Sonnier v. Hogan

Filing 39

ORDER granting 25 27 Motions for Summary Judgment. The Complaint is dismissed without prejudice as to movants Anthony Hodges and Norris Hogans. Signed by Magistrate Judge Linda R. Anderson on 3/28/2017. (ACF)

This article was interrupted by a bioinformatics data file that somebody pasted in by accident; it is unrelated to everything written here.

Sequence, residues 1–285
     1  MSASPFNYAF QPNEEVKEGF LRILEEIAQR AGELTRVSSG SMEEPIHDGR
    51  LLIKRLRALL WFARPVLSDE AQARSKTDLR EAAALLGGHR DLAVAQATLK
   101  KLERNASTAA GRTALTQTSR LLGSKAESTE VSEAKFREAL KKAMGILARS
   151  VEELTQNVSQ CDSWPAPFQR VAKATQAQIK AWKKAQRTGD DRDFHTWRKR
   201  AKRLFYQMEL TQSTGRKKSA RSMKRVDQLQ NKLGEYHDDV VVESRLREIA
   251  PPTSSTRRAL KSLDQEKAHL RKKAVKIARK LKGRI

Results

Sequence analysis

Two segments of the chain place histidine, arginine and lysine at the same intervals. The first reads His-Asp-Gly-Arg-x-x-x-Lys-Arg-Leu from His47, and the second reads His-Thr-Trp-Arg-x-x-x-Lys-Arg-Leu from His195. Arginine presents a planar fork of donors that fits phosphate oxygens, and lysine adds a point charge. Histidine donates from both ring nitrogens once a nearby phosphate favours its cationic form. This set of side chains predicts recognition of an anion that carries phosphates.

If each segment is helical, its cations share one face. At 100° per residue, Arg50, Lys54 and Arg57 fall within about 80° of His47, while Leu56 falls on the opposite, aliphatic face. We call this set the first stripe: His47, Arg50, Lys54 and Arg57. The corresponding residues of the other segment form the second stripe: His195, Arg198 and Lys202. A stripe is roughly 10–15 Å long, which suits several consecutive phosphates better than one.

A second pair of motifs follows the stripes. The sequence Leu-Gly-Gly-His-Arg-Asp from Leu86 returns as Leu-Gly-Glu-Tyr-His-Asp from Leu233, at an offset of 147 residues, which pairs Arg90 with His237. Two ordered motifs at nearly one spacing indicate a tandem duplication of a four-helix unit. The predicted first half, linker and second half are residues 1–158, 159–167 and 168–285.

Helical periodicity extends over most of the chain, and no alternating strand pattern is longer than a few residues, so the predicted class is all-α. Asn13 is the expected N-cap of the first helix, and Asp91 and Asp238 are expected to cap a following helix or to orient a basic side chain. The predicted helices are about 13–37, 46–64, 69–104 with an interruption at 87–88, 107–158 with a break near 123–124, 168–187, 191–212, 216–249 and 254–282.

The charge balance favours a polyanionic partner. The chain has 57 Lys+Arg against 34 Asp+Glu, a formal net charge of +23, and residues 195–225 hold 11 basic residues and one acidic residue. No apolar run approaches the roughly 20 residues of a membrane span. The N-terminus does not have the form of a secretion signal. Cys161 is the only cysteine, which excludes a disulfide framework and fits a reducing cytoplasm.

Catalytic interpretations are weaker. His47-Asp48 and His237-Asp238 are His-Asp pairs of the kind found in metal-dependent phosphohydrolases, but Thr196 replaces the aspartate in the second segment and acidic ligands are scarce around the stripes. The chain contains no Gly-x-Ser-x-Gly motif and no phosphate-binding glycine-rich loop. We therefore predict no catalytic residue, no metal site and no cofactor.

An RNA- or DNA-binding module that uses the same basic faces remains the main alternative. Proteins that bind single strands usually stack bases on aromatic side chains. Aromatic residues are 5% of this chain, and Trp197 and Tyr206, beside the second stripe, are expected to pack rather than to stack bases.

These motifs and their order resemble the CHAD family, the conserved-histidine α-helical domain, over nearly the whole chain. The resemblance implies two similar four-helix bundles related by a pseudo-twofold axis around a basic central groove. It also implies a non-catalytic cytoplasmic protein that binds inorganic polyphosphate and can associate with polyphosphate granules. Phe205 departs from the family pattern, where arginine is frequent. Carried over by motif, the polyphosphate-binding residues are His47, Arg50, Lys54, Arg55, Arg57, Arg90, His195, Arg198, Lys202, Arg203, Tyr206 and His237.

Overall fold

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IN THE UNITED STATES DISTRICT COURT FOR THE SOUTHERN DISTRICT OF MISSISSIPPI NORTHERN DIVISION JOSEPH DALE SONNIER PLAINTIFF VS. CIVIL ACTION NO.: 3:15CV370-LRA WARDEN NORRIS HOGANS, OFFICER UNKNOWN MCCLENDON, MEDICAL DIRECTOR UNKNOWN LITTLE, DR. UNKNOWN ABANGAN, NURSE UNKNOWN SMITH and ANTHONY HODGES DEFENDANTS MEMORANDUM OPINION AND ORDER This cause is before the Court on Defendant Anthony Hodges’s and Defendant Norris Hogans’s Motions for Summary Judgment Based on Plaintiff’s Failure to Exhaust Administrative Remedies [25 & 27]. Those Motions were filed in April, 2016, and, by the date of his Omnibus Hearing on June 28, 2016, Plaintiff Joseph Dale Sonnier had not responded to them. During the Omnibus Hearing, Sonnier testified that he had not received the Motions because he had been moved to a new location. The Defendants were directed to re-send the Motions, and Sonnier was given until two weeks after receiving them to submit his response. Hogans and Hodges notified the Court that they had re-sent the Motions to Sonnier on June 29, 2016; however, as of today’s date, Sonnier has still not responded to the Motions for Summary Judgment. Sonnier’s claims stem from being stabbed by his cellmate on February 17, 2015. These Defendants characterize the event as an “alleged incident” where Sonnier was “allegedly stabbed by his cellmate.” In the context of these Motions, whether the incident actually occurred is not a material fact and need not be resolved at this juncture. Nonetheless, in light of the mandate to construe all facts and inferences in the light most favorable to the non-movant, the Court will 1 refer to this incident in the manner described by Sonnier. Jenkins v. C.R.E.S. Management, L.L.C., 811 F.3d 753, 756 (5th Cir. 2016). Sonnier’s claims were originally outlined in his Complaint and further explained in his Response to this Court’s Order of August 18, 2015. During his Omnibus Hearing, Sonnier’s testimony provided additional information as to his claims. He contends that, on or about February 13, 2015, another inmate at the East Mississippi Correctional Facility, Christopher Anthony Fortuna, made an unauthorized move to Sonnier’s cell. Sonnier and Fortuna knew each other and had not had any previous problems. On the evening of the 16th, Sonnier informed Defendant McClendon, who was in charge of the lockdown and certified count, that he did not feel safe in the same cell as Fortuna. According to Sonnier, Fortuna acted like he was hearing voices and appeared to be suffering from paranoia. McClendon ordered him to get in the cell, or risk an RVR. Sonnier went into the cell. Sonnier testified that, just before they went to sleep, he and Fortuna had been laughing and talking about guys they both knew. At around 2:30 a.m. on the 17th, Sonnier woke to find that his cellmate, Fortuna, was stabbing him repeatedly, a homemade knife in each hand. Sonnier got to the cell door and asked Fortuna why he had stabbed him. Fortuna said that he stabbed Sonnier because he knew that Sonnier was going to stab him. Sonnier stripped down to show Fortuna that he had no weapon, and Fortuna backed up a couple of feet and told Sonnier to just get out of the cell. Sonnier began beating on the cell door, and he was taken out within a few minutes. Sonnier was brought to the medical unit and, ultimately, was transferred to Rush Memorial Hospital. According to Sonnier, he was there for about three hours, where his wounds were cleaned and “patched up.” He was told that the wounds would not be stitched, so that they would not get infected. By about 10:00 to 11:00 a.m. on the 17th, Sonnier returned to his cell. 2 When he arrived, the cell was still bloodstained, and Sonnier had to pay another inmate with coffee to have the cell cleaned. The attack resulted in eight stab wounds—four in his left leg behind and around his knee; two on the left side of his back; one in his right bicep; and one in his right palm. For the next five or six days, Sonnier cleaned them himself in the shower, and he got Bandaids, gauze, and ibuprofen from the nurse. He went to medical a few times, but they told him that there was nothing they could do for his open wounds. Sonnier finally saw Dr. Abangan, who referred him to a specialist to see if there was any ligament damage. The specialist told Sonnier that everything appeared to be intact, and he was returned to EMCF. Some time after the incident, Sonnier discovered that Fortuna was not supposed to be in his cell. Apparently, he moved to Sonnier’s cell right after Sonnier’s prior roommate moved out. Although Fortuna told Sonnier that the move was authorized by an officer, that was not the case. Since the incident, Sonnier has been diagnosed with anxiety and possible post-traumatic stress disorder. He had difficulty sleeping, but was prescribed medication for that. Because of his flashbacks and nightmares, Sonnier asked to be taken off psychiatric medications, so that he could leave EMCF. Other than anxiety and a “small limp,” Sonnier testified that he had no permanent injuries as a result of the attack, although he does have scars behind his knees and on his legs and shoulder. Sonnier sued Warden Hogans for failing to properly supervise the employees at the prison. He sued Unit Manager Anthony Hodges for the same reason and for failing to ensure that Sonnier’s cell was cleaned. Sonnier’s claims against McClendon are based on her failure to conduct a proper certified count by consulting the bed roster and her failure to properly respond to Sonnier’s statements about not feeling safe in the cell with Fortuna. Medical Director Little 3 failed to ensure that Sonnier got the proper medical care, and, when Sonnier complained, he told him to talk to the nurse. Dr. Abangan failed to see him until May and then told Sonnier that he was fine while he still had open wounds and was on crutches. He did not send Sonnier to a specialist until after his wounds were healed. He also failed to ensure that Sonnier’s wounds were properly cleaned. Nurse Smith promised, but failed, to bring him medical supplies, so that Sonnier went three days without having gauze, antibiotics or alcohol pads to clean his wounds. As a result of these acts and failure to act, Sonnier’s wounds got infected, and he was in unnecessary pain. Failure to exhaust is an affirmative defense, so these Defendants have the burden of demonstrating that Sonnier failed to exhaust his administrative remedies. Jones v. Bock, 549 U.S. 199, 216 (2007). At the summary judgment stage, this means that the Defendants “must establish beyond peradventure all of the essential elements of the defense of exhaustion to warrant summary judgment in their favor.” Dillon v. Rogers, 596 F.3d 260, 266 (5th Cir. 2010). The court shall grant summary judgment “if the movant shows that there is no genuine dispute as to any material fact and the movant is entitled to judgment as a matter of law.” FED. R. CIV. P. 56(a). “The moving party must show that if the evidentiary material of record were reduced to admissible evidence in court it would be insufficient to permit the nonmoving party to carry its burden.” Beck v. Tex. St. Board of Dental Examiners, 304 F.3d 629, 633 (5th Cir. 2000) (citing Celotex Corp. v. Catrett, 477 U.S. 317, 327 (1986)). The burden shifts to the non-movant to set forth specific facts showing that there is a genuine issue for trial. Allen v. Rapides Parish Sch. Bd., 304 F.3d 619, 621 (5th Cir. 2000). As Defendants point out, the applicable section of the Prison Litigation Reform Act (“PLRA”), 42 U.S.C. § 1997(e), provides that “[n]o action shall be brought with respect to 4 prison conditions under section 1983 of this title, or any other Federal law, by a prisoner confined in any jail, prison, or other correctional facility until such administrative remedies as are available are exhausted.” Hodges and Hogans have moved for summary judgment on grounds that Sonnier has failed to comply with the exhaustion requirement by properly advancing his claims through the prison’s Administrative Remedy Program. These Defendants do not deny, and the record establishes, that Sonnier initiated a grievance through the ARP program and pursued it to completion. Their argument is that the substance of the grievance cannot be construed so as to include Sonnier’s current claims against them. Sonnier’s grievance describes his complaint as follows: On 02-17-15 at or around 2:40 A.M. I was asleep in Cell 213-B-Pod-Unit 2. At this time I was awaken by inmate, “Christopher Anthony Fortuna #185609” stabbing me repeatedly (8) eight times in all. Before we were racked down for the night I told the C.O. on duty that I did not feel safe locking down with him because he had been hearing voices and been acting paranoid all day. At this time I was informed if I didn’t lockdown I would receive a R.V.R. and be sent to the hold. I locked down so I wouldn’t get into any trouble with disciplinary. After I was stabbed repeatedly I was allowed to crawl to the cell door to try to obtain some sort of help. [sic] try to get out of the cell. It took about (5) five minutes for someone to get to my cell, then another minute or two to have my cell opened. After I was taken off the zone and transported to medical it took almost 30 minutes before they, the C.O. in charge to determine whether I would be transported to the hospital by a MDOC vehicle or an ambulance. After I returned from the Rush Memorial Hospital it was determined that I had been stabbed twice (2) behind my left knee, (1) one time in my left calf, (1) one time on my outer thigh, (1) time in my right hand, (1) time in my right bicep, and (2) two times in my back on my left side (8) eight in all. When I returned to the facility I requested that I be given a set of crutches or at the minimum a cane due to the fact I had open wounds on my legs, mainly behind my knee. I was told the medical department was out of both canes and crutches. Afterwards my wounds were only cleaned (1) one time in (2) two weeks and I received (1) one Ibuprofen. An investigation was performed and it was determined that inmate “Christopher Anthony Fortuna MDOC #185609” was not legally supposed to be in cell 213 on Unit 2 B-pod. On the bed roster I was the only person to be assigned cell 213. 5 Now since this incident I walk with a limp, have nightmares almost every night and have been diagnosed by the psychiatric department with P.T.S.D., paranoia, and a nervous disorder. Also with the location of said stab wounds I feel that “Christopher Anthony Fortuna #185609” was trying to murder me in my sleep and my concern that I expressed to the C.O. on duty was completely and utterly disregarded. For that simple disregard of my safety I almost lost my life. When a M.T.C. Employee overlooked an inmate that was in fear for his safety. While a prisoner must exhaust the administrative remedies that are available to him before he can proceed in federal court, Woodford v. Ngo, 548 U.S. 81, 85 (2006), he may avoid dismissal of his claims where he can show that the alleged remedy was not “available” to him. Ross v. Blake, 136 S. Ct. 1850, 1855 (2016). Evidence that shows that the prisoner filed a grievance on another matter establishes that the process was “available” to him. Putnam v. Traylor, 633 F. App’x 600, 601 (5th Cir. 2016). The grievance submitted by Sonnier demonstrates that the ARP process was available in his case. As stated earlier, Sonnier claims that both Hogans and Hodges failed to properly supervise the employees at the prison. Additionally, he alleges that Hodges is liable for failing to ensure that Sonnier’s cell was cleaned. The argument that Sonnier’s claims against Hogans and Hodges should be dismissed merely because neither was specifically named in Sonnier’s grievance is unpersuasive. As the Fifth Circuit has stated, “Nothing in the PLRA requires prisoners to identify all defendants that they later sue.” Patterson v. Stanley, 547 F. App’x 510, 511-12 (5th Cir. 2013) (citing Jones, 549 U.S. at 217). The exhaustion requirement’s primary purpose “is to alert prison officials to a problem, not to provide personal notice to a particular official that he may be sued; the grievance is not a summons and a complaint that initiates adversarial litigation.” Johnson v. Johnson, 385 F.3d 503, 522 (5th Cir. 2004). It follows, therefore, that “a grievance can sufficiently identify a person even if it does not provide an actual name; functional descriptions and the like – e.g., a reference to ‘the guards in the shower room’ 6 on a certain date – would suffice.” Id. at 523. The substance of a grievance should “provide administrators with a fair opportunity under the circumstances to address the problem that will later form the basis of the suit, [although] for many types of problems this will often require, as a practical matter, that the prisoner’s grievance identify individuals who are connected with the problem.” Id. at 522. If the § 1983 claims against defendants who were not named in the grievance are of a different character from the conduct alleged in the grievance, then those claims have not been exhausted. Id. As the Supreme Court has recognized, the exhaustion requirement is not merely an arbitrary rule: “Requiring exhaustion allows prison officials an opportunity to resolve disputes concerning the exercise of their responsibilities before being haled into court.” Jones, 549 U.S. at 204. Additionally, the exhaustion process may reduce the number of suits filed by prisoners and also “improve the quality of suits that are filed by producing a useful administrative record.” Id. The level of specificity required in a grievance is set by the prison’s own grievance process. Jones, 549 U.S. at 218. The Administrative Remedy Program of the East Mississippi Correctional Facility is described in its Inmate Handbook, attached to Hogans’s Motion for Summary Judgment as Exhibit B. According to the Handbook, inmates are directed to keep their original letters of request “as brief as possible.” In so doing, however, the inmate is also advised to “present as many facts as possible to answer all of the questions (who, what, when, where, and how) concerning the incident.” Handbook, p. 18. A review of Sonnier’s ARP claim shows that, under EMCF policy or § 1983 jurisprudence, he adequately set out his complaint against the officer who threatened him with a disciplinary violation if he refused to enter his cell, as well as his claim that he received inadequate medical care, even though the individuals were not named at that time. Nowhere in 7 his grievance, however, does Sonnier allege that Warden Hogans, or any other officer, failed to properly supervise prison employees. Likewise, Sonnier’s grievance failed to mention the condition of his cell, which also forms the basis of his complaint against Hodges. These omissions prevented prison officials from investigating and resolving these claims prior to being sued in this Court; therefore, those claims have not been exhausted. As many courts have held, an inmate cannot pursue a claim under § 1983 where he failed to adequately describe it through the grievance procedure, even though he set out the basis of another claim. See, e.g., Pearson v. Taylor, 665 F. App’x 858, 867 (11th Cir. 2016) (dismissing deliberate indifference to medical needs claims against warden and deputy wardens where grievance only alleged excessive force against an officer); Ward v. Hoffman, No. 15-2678, 2016 WL 6651870 at *2 (7th Cir. Nov. 10, 2016) (dismissing claims of excessive force where grievance only complained of procedures used by disciplinary committee); Burns v. Eaton, 752 F.3d 1136, (8th Cir. 2014) (where grievance only claimed one officer used excessive force by spraying an inmate with pepper spray, court properly dismissed deliberate indifference claim against a different officer who delayed turning on the shower so the prisoner could wash it off); Hubbard v. Danberg, 408 F. App’x 553, 555-56 (3rd Cir. 2010) (dismissing claims of discrimination in job placement and mistreatment of disabled prisoners because grievance only alleged discrimination against prison chapter of the NAACP); and Stone v. Albert, 257 F. App’x 96, 98 (10th Cir. 2007) (affirming dismissal of claims for excessive force when grievance only alleged inadequate medical care). Based on a review of the Motions for Summary Judgment and related briefs, the record in this case, and the relevant legal authorities, the Court is convinced that Sonnier has failed to exhaust his claims against Hogans and Hodges by first proceeding under EMCF’s Administrative Remedy Program. Although that failure to exhaust mandates that the claims 8 against these two Defendants be dismissed, it is not fatal to his remaining claims. Jones, 549 U.S. at 924 (“A typical PLRA suit with multiple claims . .. may combine a wide variety of discrete complaints, about interactions with guards, prison conditions, generally applicable rules, and so on, seeking different relief on each claim. There is no reason failure to exhaust on one necessarily affects any other.”). This Court holds, therefore, that the Motions for Summary Judgment of Warden Norris Hogans and Anthony Hodges should be granted, and Joseph Sonnier’s claims against them should be dismissed without prejudice for failure to exhaust his administrative remedies. IT IS, THEREFORE, ORDERED AND ADJUDGED that the Motions for Summary Judgment of Anthony Hodges [25] and Warden Norris Hogans [27] are hereby GRANTED, and the Plaintiff’s claims against them are DISMISSED WITHOUT PREJUDICE. IT IS SO ORDERED, this the 28th day of March, 2017. S/ Linda R. Anderson__________________ UNITED STATES MAGISTRATE JUDGE 9